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East Fork Of The Sevier River

1943

1948

1953

Description:

Plate 269X. East Fork of the Sevier River 1943 - 1948 - 1953 - 1961 - 1979 - 2003 The East Fork of the Sevier River Photo Plot Transect was established in 1943, and re-read in 1948, 1953, 1961, and 1979. Two plot-lines were set-out from a common starting point approximately one-half mile north of Blubber Creek. The first line runs in a southwesterly direction for 1200 feet, while line two runs in a southeasterly direction for 600 feet. According to the 1943 narrative report, the area was once a wet meadow but as the East Fork eroded and down-cut 5 to 7 feet “the plants growing there have died out and Artemisia, Gutierrezia, Chrysothamaus, and Kochia have come in. Much of the area is still entirely barren [from overgrazing] or has valueless weeds growing on it.” Willows were described as having once been abundant along the stream, but most were killed-out by repeated browsing and the lowered watertable. Heavy grazing had “obliterated” most native grasses and the hillsides were described as “severely eroded”. In 1961, “Fresh alluvial deposits [were] common [and] drainage ways [had] deepened.” By 1979, however, “the area [showed] tremendous improvement” after much of the East Fork had been reseeded by the Forest Service during the early 1960s (unpublished reports in the range files on the Panguitch Ranger District, Dixie National Forest, Panguitch, UT). Plate 269x is viewed southeast along the second leg of the Photo Plot Transect from that transect’s common starting point just to the left of the spruce tree in the foreground - - see Plate 268x. The East Fork of the Sevier River is at the base of the far hillside. Spruce and ponderosa pine have increased in the distance. The spruce tree on the right now blocks the distant view so the 1979 and 2003 retakes were made a little further forward. Today, the meadow is primarily smooth brome and Kentucky bluegrass, while the low-growing shrubs are mostly shrubby cinquefoil and rubber rabbitbrush. Mountain big sage is common on the drier hillsides. The person in the 1943 image is standing on the transect centerline. The area had not been grazed by livestock in 2003 when the transect was revisited.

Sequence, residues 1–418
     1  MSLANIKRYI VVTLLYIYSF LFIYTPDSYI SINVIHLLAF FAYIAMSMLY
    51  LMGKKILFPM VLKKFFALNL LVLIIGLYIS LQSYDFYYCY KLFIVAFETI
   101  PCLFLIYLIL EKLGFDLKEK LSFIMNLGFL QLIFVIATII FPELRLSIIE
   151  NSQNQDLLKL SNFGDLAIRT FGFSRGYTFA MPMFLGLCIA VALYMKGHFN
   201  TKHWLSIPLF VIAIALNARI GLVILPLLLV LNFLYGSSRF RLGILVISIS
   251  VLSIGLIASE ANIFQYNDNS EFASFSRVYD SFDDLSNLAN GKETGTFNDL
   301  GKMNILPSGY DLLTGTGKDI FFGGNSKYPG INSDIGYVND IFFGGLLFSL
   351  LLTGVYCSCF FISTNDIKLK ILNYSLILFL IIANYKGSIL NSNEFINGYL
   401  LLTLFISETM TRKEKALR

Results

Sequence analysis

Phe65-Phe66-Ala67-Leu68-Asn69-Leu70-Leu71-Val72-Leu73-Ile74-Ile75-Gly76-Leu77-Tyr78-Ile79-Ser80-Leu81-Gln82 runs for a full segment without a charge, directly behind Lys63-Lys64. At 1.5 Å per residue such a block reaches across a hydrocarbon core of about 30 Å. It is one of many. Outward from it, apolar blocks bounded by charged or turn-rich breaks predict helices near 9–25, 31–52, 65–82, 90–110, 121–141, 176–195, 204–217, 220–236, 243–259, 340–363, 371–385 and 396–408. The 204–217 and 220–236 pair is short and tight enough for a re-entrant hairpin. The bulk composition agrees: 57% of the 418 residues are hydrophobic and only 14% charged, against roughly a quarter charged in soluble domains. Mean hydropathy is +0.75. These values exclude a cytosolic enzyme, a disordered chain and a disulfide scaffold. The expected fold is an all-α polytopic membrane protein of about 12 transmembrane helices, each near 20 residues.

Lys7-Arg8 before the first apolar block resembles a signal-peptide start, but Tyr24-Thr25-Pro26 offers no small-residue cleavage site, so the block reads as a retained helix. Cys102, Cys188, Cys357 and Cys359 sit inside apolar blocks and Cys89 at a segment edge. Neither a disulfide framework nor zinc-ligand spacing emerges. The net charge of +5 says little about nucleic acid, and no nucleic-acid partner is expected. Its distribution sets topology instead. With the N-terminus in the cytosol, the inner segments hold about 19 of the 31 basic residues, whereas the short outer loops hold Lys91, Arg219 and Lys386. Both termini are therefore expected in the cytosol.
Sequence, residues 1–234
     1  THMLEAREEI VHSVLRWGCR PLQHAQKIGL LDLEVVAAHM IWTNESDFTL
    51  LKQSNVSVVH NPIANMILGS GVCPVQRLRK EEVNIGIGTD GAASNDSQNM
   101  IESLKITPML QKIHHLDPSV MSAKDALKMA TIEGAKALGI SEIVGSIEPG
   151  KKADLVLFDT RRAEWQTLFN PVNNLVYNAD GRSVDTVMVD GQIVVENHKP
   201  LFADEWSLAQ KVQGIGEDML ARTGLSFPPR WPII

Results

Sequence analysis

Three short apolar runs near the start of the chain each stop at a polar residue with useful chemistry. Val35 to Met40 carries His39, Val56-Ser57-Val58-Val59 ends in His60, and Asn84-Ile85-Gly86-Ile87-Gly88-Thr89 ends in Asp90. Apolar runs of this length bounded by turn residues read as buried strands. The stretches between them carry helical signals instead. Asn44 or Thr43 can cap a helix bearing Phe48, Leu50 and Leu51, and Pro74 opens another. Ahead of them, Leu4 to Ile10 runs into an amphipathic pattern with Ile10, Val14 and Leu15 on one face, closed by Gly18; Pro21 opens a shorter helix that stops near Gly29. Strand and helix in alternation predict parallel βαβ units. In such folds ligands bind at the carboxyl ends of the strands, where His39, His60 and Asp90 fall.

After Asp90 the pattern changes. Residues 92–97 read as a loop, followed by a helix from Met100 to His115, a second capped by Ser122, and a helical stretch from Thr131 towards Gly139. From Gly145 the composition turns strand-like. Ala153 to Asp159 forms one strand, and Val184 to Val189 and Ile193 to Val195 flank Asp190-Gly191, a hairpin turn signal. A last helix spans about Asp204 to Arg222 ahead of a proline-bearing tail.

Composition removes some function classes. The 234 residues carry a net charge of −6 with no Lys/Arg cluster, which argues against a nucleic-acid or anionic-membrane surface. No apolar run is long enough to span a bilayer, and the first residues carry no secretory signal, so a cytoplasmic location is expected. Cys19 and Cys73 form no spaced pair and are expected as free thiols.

Photo Information:

U.S. Forest Service photographs (unnumbered) taken by Ray Davis on July 16, 1943; Walter Cottam on July 15, 1948; I.H. Johnson on June 18, 1953; I.H. Johnson on August 16, 1961; and Jim Bowns and Al Tait on July 17, 1979; retake by Charles E. Kay on August 6, 2003 - - Photo No. 5218-25A. Original photographs, negatives, and narrative reports held in the range files on the Panguitch Ranger District, Dixie National Forest, Panguitch, UT.

Vegetative Community:

Dry Meadow, Conifer

Location:

South West: Section 25, Range 4½ West, Township 37 South; UTM of transect starting point 387350E, 4157100 N; elevation 7,120 ft.

January 2018